Minister urges Kilkenny people to take responsibility for own health

Healthy Ireland: Making the South East a happy, healthy place to live, work and grow

Kilkenny People Reporter

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Kilkenny Healthy Ireland

Minister of State Catherine Byrne with Stephanie O'Keeffe, HSE, Kate Killeen, Joan Murphy, Derval Howley, all South East Community Health and Sarah McCormack, HSE at Kilkenny Castle PICTURE: PAT MOORE

A healthy population is a major asset for society and a plan to encourage people in the South East to improve their health and wellbeing was launched in Kilkenny Castle, last week.


‘Healthy Ireland’ aims to support people living in counties Kilkenny, Carlow, South Tipperary, Waterford and Wexford to be happy, healthy and well, in order to reach their full potential.
‘Healthy Ireland’ is implemented under the government supported Healthy Ireland Framework 2013-2025.


Many initiatives and projects are already underway in communities. At last week's launch some of those working in Community Healthcare spoke about those initiatives, and their success.
Among the speakers was Kilkenny man Luke Cleere who is a member of a peer support group for sufferers of COPD.


The city-based group is part of one initiative under Healthy Ireland - encouraging self management of chronic conditions.
Luke spoke about the value of the support group to him.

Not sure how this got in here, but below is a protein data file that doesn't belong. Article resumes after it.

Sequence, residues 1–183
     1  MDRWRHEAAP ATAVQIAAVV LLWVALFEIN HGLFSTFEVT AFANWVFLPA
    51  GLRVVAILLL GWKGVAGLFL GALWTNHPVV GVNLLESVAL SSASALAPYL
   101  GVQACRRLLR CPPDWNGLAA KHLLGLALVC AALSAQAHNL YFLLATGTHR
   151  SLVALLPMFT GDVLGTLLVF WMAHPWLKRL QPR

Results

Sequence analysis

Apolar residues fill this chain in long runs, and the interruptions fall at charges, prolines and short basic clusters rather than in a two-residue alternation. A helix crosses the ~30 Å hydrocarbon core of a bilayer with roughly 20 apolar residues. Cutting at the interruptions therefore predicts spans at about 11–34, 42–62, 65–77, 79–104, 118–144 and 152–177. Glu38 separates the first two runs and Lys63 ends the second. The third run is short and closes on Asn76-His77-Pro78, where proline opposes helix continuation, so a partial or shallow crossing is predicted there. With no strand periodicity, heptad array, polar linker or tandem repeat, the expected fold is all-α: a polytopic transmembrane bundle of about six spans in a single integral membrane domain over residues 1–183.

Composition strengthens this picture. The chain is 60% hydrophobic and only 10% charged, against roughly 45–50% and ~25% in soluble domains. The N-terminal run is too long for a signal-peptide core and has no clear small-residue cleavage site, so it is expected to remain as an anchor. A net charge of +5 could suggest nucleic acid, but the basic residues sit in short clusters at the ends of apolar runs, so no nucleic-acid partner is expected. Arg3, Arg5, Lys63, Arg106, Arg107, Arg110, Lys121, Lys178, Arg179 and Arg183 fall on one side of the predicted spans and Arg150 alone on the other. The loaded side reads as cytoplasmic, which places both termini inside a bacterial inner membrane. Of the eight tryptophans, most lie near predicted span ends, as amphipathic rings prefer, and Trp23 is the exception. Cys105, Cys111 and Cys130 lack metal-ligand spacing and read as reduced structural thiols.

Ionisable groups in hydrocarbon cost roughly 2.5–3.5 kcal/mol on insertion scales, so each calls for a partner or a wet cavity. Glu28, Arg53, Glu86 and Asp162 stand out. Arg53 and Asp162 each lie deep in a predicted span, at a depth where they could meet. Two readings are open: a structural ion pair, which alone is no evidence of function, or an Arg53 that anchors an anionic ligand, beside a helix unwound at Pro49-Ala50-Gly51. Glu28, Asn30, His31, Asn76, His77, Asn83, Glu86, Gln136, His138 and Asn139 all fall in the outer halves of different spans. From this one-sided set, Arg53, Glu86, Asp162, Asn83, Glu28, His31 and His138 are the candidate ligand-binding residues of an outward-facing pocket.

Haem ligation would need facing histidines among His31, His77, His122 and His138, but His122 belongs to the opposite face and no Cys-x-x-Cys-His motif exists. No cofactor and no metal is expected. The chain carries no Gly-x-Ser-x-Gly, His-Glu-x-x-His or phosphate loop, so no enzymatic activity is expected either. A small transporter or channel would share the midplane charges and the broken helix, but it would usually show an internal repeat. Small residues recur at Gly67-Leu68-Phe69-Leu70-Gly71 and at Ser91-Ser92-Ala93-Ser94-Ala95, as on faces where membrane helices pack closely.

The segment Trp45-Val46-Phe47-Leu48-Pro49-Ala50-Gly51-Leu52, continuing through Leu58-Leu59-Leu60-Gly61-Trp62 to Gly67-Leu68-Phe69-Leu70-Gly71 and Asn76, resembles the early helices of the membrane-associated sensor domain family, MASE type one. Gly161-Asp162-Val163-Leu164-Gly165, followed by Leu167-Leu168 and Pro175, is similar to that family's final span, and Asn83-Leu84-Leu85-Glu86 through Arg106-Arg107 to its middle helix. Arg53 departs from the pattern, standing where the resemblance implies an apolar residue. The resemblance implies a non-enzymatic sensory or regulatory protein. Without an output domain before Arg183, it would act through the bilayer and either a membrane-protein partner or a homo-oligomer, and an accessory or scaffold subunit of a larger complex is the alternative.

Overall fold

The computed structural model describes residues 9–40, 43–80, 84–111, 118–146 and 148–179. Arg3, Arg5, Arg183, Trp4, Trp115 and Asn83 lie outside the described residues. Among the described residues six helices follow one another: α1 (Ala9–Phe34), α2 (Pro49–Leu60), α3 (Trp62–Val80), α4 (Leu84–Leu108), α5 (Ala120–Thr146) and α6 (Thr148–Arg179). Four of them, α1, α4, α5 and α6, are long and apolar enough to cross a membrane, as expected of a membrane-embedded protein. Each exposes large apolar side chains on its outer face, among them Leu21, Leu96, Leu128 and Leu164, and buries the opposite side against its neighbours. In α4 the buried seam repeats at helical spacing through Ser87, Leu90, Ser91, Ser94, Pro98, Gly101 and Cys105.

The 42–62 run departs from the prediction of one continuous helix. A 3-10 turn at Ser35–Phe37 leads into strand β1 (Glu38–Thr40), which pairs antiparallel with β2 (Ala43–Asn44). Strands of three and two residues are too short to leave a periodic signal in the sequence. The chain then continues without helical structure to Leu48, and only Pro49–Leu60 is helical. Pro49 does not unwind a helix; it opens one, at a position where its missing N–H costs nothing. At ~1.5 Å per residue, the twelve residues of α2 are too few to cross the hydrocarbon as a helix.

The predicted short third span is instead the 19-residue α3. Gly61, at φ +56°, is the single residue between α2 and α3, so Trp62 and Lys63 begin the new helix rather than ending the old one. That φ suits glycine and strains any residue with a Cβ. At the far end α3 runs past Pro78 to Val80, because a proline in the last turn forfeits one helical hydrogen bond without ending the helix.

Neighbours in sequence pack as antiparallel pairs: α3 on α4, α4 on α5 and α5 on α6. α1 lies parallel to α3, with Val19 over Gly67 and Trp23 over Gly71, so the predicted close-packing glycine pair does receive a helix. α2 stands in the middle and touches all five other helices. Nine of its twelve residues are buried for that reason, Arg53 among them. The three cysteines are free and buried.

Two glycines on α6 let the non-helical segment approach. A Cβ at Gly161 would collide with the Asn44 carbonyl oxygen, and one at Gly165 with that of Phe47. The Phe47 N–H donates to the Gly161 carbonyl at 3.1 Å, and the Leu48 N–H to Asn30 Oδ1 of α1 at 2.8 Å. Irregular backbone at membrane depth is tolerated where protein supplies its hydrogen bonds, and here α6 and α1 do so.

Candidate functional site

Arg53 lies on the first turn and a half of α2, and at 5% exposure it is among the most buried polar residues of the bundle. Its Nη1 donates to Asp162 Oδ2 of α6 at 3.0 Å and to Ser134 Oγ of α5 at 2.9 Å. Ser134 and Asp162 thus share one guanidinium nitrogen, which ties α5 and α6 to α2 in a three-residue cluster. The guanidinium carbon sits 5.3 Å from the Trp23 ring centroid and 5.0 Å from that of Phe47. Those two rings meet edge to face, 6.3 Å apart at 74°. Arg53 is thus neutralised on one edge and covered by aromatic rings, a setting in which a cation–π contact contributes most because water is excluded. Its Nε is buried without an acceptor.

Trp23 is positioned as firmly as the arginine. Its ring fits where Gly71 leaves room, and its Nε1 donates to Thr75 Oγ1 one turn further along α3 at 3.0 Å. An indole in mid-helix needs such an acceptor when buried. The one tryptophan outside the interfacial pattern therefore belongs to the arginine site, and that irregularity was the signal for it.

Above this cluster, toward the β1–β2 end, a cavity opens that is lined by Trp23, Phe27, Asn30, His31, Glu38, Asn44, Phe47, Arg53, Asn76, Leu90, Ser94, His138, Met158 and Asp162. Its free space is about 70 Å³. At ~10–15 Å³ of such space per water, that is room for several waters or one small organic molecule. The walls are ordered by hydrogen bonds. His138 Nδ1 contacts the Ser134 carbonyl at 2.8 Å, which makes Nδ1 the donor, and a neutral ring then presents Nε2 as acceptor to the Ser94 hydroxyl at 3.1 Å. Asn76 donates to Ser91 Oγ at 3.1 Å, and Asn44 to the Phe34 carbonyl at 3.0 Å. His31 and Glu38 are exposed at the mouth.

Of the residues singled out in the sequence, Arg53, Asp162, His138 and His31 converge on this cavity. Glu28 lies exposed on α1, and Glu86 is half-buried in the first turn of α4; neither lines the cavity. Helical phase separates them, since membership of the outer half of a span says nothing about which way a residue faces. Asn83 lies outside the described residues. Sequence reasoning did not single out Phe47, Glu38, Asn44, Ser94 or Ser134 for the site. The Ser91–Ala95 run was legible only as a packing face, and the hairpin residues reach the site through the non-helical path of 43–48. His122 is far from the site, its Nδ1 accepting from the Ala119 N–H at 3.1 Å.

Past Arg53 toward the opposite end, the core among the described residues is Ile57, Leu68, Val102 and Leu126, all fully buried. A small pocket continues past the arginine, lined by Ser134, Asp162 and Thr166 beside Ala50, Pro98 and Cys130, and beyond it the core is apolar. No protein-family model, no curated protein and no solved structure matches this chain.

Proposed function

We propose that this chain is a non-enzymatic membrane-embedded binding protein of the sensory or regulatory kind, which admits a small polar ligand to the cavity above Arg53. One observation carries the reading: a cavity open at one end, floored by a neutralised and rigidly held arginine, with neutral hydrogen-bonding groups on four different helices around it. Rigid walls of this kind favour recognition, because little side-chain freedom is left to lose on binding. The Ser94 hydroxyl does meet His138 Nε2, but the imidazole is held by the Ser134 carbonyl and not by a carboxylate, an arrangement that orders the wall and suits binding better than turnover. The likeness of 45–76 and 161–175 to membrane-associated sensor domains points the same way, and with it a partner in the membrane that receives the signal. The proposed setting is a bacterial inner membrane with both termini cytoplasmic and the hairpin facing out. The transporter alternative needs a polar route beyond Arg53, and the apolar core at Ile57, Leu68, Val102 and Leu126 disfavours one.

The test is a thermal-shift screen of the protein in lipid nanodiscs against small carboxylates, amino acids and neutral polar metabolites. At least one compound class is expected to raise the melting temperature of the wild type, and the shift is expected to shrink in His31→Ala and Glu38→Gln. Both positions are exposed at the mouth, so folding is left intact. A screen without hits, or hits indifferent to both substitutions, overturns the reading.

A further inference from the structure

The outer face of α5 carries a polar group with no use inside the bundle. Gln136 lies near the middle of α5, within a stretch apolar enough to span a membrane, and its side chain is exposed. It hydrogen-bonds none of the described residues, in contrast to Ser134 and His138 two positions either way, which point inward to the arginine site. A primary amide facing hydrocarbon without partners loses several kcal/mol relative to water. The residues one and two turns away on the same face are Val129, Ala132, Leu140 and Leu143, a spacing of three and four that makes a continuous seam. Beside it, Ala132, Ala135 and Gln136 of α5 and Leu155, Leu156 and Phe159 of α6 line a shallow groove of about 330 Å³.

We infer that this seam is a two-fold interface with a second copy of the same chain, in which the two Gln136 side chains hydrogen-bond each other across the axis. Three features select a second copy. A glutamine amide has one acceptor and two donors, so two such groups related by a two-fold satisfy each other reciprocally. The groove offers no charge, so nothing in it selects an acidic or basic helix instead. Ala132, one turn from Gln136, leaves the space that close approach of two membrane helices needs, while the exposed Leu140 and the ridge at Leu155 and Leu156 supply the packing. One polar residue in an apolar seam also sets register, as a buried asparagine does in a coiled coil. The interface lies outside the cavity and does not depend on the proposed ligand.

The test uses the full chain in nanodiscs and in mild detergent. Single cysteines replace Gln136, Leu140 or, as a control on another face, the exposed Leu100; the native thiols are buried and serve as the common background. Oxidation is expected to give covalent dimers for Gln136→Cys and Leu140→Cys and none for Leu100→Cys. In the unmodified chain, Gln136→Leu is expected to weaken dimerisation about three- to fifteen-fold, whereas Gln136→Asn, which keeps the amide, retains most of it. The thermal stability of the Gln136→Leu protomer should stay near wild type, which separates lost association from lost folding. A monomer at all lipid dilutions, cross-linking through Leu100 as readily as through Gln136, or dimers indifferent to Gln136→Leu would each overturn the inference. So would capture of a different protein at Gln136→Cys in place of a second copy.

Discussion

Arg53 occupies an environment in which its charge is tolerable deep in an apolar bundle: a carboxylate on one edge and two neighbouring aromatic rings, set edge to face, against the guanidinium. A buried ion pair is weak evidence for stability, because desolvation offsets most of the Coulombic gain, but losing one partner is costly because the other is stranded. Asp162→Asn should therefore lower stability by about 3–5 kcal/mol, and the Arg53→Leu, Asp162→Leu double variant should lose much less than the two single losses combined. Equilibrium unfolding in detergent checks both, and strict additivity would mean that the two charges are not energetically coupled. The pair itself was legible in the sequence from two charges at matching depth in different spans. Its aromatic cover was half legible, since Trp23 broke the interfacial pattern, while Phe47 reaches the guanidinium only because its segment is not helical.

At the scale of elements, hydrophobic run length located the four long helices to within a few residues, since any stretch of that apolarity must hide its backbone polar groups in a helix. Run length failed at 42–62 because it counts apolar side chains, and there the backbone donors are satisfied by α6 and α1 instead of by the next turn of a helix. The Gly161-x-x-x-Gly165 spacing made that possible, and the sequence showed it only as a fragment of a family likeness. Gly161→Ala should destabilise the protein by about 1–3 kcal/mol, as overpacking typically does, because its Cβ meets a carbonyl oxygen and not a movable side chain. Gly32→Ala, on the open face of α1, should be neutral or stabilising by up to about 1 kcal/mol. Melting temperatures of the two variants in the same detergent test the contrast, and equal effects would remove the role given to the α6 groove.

On the day a directory of services and programmes for people with chronic conditions was also launched.


Other initiatives that were showcased included the 'Cook It' programme that encourages healthy cooking; ‘Lift the Lip’ which trains public health nurses to spot dental issues in babies and refer them to a dentist; and a Traveller Health Took Kit.


The implementation plan was officially launched by Minister of State Catherine Byrne. She said ‘Healthy Ireland’ has the shared aim of a healthy Ireland where everyone can enjoy physical and mental health and wellbeing to their full potential – where wellbeing is valued and supported at every level of society and is everyone’s responsibility.


“The South East plan sets out how we can increase the proportion of people who are healthy at all stages of life, reduce health inequalities, protect the public from threats to health and wellbeing and create an environment where every individual and sector of society can play their part in achieving a healthy Ireland.”


South East Community Healthcare (SECH), the section of the HSE charged with implementing this plan, is aware that many factors can influence a person’s health, such as where they live and work; their access to education and to job opportunities; their individual lifestyle choices; their social supports and access to amenities such as clean water and transport.


Because health can be influenced by many factors outside of the health service itself, SECH is linking with partners, through joint committees such as the Local Community Development Committees (LCDCs) of the five local authorities in the South East and Children and Young People’s Services Committees (CYPSCs) in each of the five counties to ensure that agencies are all working together.
South East Community Healthcare delivers Primary Care (including community services), Social Care (including services for disabilities and older people), Mental Health and Health and Wellbeing services in counties Carlow, Kilkenny, South Tipperary, Waterford and Wexford.


South East Community Healthcare’s Head of Service for Health and Wellbeing, Dr. Derval Howley said at the launch: “Our plan focuses on positively influencing the lifestyle choices that people make in relation to smoking, alcohol, sexual health, healthy eating and physical activity.
“There are challenges. We look forward, however, to continuing to work with everyone, to make the South East a happy, healthy place for people to live, work and grow.”